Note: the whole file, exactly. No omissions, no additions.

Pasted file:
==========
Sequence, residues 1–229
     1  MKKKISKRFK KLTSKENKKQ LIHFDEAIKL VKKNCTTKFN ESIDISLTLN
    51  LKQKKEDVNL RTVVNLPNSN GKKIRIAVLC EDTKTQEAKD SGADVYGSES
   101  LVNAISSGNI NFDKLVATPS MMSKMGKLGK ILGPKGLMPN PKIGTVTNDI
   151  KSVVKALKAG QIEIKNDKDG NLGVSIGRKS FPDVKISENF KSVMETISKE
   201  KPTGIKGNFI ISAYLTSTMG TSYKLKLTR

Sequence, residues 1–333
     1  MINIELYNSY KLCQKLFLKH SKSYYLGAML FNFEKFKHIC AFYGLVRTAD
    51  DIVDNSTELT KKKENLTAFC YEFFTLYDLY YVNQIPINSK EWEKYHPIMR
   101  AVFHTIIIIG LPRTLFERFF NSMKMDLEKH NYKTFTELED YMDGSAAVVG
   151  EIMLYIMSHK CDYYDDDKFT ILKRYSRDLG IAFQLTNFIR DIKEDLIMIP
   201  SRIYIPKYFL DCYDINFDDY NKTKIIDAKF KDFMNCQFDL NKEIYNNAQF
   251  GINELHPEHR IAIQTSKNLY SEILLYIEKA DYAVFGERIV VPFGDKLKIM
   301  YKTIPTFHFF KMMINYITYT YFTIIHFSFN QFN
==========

Sequence, residues 1–229
     1  MKKKISKRFK KLTSKENKKQ LIHFDEAIKL VKKNCTTKFN ESIDISLTLN
    51  LKQKKEDVNL RTVVNLPNSN GKKIRIAVLC EDTKTQEAKD SGADVYGSES
   101  LVNAISSGNI NFDKLVATPS MMSKMGKLGK ILGPKGLMPN PKIGTVTNDI
   151  KSVVKALKAG QIEIKNDKDG NLGVSIGRKS FPDVKISENF KSVMETISKE
   201  KPTGIKGNFI ISAYLTSTMG TSYKLKLTR

Sequence, residues 1–333
     1  MINIELYNSY KLCQKLFLKH SKSYYLGAML FNFEKFKHIC AFYGLVRTAD
    51  DIVDNSTELT KKKENLTAFC YEFFTLYDLY YVNQIPINSK EWEKYHPIMR
   101  AVFHTIIIIG LPRTLFERFF NSMKMDLEKH NYKTFTELED YMDGSAAVVG
   151  EIMLYIMSHK CDYYDDDKFT ILKRYSRDLG IAFQLTNFIR DIKEDLIMIP
   201  SRIYIPKYFL DCYDINFDDY NKTKIIDAKF KDFMNCQFDL NKEIYNNAQF
   251  GINELHPEHR IAIQTSKNLY SEILLYIEKA DYAVFGERIV VPFGDKLKIM
   301  YKTIPTFHFF KMMINYITYT YFTIIHFSFN QFN